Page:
Psychosis Related to Alzheimer Disease


Early Career Psychiatrists of Rio Grande do Sul, Porto Alegre, Brazil


Introduction and Theoretical Foundation: Alzheimer’s disease (AD) has a prevalence of 10-30% in the population> 65 years, and it is the most prevalent type of dementia. The core pathophysiological mechanism of AD is the accumulation of amyloid-β peptide and tau protein due to the failure to clear it in the brain interstices. Over 80% demented patients have neuropsychiatric symptoms during the course of the disease. The neuropsychiatric symptoms in dementia can be classified in three main syndromes: psychotic, emotional and behavioral. Psychotic symptoms are subdivided into delusions and hallucinations; affective, into agitation, irritability, depression and anxiety; and behavioral, into euphoria, disinhibition, aberrant motor behavior and apathy. The patients that develop psychosis seem to have a more severe phenotype.

Methodology: A search was conducted on Pubmed and COCHRANE using as keywords “Psychotic Disorders” and “Alzheimer’s Disease”. Additional articles were gathered and chosen by their relevance and number of citations.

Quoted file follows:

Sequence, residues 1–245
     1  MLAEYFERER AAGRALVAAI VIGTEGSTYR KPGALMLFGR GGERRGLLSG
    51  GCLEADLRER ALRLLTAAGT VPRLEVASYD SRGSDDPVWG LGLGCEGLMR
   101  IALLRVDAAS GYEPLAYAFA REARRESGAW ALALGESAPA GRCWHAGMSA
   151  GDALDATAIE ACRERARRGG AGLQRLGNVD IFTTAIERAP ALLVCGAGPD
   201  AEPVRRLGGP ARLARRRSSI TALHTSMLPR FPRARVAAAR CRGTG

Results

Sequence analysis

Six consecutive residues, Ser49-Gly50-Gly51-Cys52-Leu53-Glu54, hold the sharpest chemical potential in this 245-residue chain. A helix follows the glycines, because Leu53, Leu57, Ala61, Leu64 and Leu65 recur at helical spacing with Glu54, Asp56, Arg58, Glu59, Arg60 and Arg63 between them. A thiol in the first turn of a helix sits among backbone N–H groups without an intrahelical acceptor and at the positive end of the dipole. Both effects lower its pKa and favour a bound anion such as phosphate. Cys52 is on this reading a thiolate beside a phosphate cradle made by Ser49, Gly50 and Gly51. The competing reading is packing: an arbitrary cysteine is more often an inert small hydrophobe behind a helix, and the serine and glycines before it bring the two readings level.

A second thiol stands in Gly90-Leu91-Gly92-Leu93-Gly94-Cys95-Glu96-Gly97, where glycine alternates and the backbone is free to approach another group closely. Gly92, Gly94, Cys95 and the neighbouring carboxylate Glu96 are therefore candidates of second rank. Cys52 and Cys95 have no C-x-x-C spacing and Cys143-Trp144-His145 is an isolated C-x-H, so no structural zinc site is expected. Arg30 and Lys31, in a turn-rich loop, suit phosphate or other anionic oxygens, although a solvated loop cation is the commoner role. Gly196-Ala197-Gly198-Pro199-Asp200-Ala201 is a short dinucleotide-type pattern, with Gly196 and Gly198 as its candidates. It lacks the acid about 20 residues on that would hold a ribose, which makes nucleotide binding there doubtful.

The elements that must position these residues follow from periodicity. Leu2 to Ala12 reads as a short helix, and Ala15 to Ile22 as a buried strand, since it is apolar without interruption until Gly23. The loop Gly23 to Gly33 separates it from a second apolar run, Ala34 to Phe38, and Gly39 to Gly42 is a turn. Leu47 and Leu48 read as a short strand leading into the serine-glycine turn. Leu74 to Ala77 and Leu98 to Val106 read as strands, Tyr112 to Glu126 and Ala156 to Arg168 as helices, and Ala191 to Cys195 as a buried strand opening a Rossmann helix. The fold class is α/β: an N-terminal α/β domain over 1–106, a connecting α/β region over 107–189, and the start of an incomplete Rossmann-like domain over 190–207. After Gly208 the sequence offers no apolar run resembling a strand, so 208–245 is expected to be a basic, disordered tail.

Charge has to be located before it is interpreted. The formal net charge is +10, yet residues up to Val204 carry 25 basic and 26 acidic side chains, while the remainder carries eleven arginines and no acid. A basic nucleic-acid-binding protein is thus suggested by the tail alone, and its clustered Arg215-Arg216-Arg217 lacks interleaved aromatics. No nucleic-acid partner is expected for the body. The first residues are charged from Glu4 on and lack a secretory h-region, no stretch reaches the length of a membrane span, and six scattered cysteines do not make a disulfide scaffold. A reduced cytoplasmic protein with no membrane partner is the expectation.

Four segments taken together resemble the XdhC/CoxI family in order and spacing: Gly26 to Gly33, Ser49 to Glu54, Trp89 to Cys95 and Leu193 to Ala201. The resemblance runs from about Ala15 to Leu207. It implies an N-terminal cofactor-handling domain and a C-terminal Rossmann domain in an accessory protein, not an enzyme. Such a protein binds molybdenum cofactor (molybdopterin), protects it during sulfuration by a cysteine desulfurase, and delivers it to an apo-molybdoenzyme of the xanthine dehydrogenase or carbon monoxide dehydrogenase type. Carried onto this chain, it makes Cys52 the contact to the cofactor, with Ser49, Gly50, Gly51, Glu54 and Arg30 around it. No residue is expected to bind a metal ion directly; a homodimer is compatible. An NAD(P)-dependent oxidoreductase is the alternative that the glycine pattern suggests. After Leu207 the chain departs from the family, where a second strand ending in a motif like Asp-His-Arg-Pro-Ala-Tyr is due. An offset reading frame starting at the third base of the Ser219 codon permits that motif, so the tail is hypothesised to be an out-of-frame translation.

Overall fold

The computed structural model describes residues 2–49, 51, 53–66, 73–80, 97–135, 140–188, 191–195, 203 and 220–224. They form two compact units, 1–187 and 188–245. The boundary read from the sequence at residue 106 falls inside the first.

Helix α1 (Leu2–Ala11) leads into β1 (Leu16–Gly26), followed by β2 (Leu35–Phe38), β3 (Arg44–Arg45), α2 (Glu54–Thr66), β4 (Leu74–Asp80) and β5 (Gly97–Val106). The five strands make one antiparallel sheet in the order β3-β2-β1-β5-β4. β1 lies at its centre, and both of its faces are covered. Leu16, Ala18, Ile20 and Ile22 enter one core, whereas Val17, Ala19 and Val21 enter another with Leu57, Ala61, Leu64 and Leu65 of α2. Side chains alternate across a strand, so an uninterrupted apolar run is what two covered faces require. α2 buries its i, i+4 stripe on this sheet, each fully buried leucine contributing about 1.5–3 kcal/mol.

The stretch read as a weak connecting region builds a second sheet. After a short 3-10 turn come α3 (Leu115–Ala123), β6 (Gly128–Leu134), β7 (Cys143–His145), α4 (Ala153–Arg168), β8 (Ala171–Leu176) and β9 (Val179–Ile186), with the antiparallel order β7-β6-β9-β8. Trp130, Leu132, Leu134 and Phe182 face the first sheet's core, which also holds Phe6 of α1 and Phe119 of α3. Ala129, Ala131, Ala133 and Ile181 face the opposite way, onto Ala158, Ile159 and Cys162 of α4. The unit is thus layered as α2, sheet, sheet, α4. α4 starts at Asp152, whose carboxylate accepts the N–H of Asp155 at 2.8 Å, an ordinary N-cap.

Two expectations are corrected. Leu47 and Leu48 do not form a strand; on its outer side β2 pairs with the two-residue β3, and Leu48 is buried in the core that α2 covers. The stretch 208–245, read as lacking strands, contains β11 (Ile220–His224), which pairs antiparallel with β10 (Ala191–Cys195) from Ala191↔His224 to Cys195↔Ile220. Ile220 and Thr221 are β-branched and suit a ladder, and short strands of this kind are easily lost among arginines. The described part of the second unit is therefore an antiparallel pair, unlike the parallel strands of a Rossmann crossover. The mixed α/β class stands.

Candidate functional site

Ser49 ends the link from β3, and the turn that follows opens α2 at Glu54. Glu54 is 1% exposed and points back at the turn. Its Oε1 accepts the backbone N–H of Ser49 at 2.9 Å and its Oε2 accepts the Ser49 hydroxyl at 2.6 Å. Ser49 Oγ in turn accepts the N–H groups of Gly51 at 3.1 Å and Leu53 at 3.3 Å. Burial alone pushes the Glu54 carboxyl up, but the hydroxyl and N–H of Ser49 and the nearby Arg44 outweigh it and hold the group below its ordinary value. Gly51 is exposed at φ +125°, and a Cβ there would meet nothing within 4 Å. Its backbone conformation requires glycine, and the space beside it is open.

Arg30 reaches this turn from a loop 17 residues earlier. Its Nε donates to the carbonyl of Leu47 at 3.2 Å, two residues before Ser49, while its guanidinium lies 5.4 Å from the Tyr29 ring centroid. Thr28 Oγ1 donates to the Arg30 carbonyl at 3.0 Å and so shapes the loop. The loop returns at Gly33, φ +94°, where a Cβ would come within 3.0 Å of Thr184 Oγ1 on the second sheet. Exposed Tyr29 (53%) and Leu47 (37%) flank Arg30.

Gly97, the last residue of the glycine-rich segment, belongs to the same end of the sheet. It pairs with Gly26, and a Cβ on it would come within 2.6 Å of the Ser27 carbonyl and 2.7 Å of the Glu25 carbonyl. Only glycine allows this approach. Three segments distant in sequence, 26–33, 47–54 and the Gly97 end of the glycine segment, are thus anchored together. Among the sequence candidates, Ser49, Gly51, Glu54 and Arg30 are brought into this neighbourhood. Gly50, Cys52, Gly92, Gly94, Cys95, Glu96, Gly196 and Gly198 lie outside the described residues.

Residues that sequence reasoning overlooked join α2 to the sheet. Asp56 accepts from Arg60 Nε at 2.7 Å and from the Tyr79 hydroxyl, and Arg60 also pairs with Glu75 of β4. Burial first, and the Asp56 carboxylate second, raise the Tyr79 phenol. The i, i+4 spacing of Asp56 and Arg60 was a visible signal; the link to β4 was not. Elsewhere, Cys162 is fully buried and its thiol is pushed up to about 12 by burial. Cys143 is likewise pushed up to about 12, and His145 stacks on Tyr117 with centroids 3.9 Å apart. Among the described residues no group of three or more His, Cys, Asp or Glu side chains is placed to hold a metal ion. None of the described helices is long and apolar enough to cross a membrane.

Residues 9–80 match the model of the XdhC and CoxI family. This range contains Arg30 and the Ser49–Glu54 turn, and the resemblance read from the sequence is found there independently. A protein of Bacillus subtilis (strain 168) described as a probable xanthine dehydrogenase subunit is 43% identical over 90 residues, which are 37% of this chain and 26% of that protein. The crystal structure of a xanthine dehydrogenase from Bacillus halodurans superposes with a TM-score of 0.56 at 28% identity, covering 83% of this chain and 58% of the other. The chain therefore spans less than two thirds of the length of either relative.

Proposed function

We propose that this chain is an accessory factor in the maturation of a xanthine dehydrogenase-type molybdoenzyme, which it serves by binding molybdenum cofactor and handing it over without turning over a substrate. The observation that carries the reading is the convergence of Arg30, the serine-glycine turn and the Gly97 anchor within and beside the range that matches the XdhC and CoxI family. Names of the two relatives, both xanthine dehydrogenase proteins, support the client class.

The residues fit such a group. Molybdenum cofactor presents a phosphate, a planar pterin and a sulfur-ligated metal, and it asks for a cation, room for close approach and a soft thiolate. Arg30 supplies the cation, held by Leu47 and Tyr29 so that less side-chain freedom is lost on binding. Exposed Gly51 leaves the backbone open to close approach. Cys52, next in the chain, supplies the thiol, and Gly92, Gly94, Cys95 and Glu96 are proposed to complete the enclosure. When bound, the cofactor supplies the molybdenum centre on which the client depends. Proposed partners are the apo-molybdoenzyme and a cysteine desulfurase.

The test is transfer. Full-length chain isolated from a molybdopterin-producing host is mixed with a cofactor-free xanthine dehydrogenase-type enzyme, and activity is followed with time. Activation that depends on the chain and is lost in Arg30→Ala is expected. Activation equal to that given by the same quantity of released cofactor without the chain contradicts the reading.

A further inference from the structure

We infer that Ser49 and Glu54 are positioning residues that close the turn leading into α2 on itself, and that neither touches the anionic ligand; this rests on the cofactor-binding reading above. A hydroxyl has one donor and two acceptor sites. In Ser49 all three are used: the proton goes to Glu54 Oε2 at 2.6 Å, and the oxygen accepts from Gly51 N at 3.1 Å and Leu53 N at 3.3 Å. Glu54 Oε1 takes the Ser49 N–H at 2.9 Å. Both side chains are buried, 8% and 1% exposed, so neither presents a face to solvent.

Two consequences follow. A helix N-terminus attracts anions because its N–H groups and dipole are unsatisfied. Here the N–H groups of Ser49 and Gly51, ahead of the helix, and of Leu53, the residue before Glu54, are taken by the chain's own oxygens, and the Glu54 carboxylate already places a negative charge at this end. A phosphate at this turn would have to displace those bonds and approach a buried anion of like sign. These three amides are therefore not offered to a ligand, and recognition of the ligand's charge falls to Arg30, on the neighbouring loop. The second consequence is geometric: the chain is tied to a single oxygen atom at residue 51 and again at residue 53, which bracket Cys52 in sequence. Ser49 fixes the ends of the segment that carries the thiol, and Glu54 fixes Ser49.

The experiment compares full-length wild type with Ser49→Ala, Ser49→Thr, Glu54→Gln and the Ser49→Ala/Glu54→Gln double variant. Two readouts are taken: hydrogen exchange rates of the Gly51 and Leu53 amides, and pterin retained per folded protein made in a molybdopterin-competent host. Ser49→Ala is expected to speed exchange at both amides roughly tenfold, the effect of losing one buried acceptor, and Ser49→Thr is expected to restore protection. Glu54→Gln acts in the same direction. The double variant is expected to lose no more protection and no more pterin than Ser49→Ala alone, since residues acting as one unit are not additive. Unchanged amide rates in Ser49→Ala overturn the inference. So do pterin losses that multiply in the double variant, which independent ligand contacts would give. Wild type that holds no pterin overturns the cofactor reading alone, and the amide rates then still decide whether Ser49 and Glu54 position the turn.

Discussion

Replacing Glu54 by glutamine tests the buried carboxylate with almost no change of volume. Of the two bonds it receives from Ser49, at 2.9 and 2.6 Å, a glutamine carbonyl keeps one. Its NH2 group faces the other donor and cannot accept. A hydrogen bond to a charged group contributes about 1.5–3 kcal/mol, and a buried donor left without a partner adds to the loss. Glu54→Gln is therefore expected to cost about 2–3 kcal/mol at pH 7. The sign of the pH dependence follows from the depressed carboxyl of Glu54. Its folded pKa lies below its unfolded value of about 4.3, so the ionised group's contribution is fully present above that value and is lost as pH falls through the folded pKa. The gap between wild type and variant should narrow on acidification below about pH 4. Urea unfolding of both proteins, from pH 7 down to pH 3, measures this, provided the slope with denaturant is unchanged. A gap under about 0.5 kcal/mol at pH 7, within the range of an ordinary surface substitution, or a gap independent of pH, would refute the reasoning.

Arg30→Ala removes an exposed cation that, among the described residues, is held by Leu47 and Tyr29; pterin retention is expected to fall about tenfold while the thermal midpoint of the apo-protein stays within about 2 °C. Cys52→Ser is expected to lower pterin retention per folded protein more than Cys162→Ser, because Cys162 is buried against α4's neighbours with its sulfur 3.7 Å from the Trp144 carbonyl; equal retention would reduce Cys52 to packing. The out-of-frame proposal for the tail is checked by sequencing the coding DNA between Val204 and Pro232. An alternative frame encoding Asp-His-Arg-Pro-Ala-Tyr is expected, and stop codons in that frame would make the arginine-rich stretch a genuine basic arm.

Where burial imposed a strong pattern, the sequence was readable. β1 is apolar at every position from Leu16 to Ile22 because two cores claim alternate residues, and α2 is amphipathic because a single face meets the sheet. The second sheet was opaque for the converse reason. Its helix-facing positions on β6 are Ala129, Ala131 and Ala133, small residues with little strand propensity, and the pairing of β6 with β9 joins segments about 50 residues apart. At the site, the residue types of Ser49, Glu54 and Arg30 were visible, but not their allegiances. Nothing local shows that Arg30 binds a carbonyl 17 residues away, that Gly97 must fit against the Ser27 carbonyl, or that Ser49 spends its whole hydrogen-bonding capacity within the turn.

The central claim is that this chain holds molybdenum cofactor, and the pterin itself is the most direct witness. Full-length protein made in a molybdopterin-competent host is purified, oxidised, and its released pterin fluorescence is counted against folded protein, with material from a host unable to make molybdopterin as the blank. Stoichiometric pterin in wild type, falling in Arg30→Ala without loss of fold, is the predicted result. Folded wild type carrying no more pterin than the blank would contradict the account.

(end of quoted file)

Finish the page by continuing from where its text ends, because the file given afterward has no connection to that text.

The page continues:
Discussion and Conclusion: There is psychosis report in AD (AD + P) since the first case description of Alzheimer by Alois Alzheimer. Delusions can be subdivided into paranoid and misidentification. Among paranoid delusions, theft delusion is the most prevalent. Paranoid delusions, in opposition to misidentification delusions, occur in earlier stages and are not associated to significant cognitive decline. Among hallucinations, visual are the most common. AD + P is prevalent and more severe than AD without psychosis, has greater institutionalization rates, more rapid progression, association with aggression and agitation and burden to caregiver. It is important to be aware of nonpharmacological management. In the pharmacological treatment, it is important to outweigh risk versus benefit.”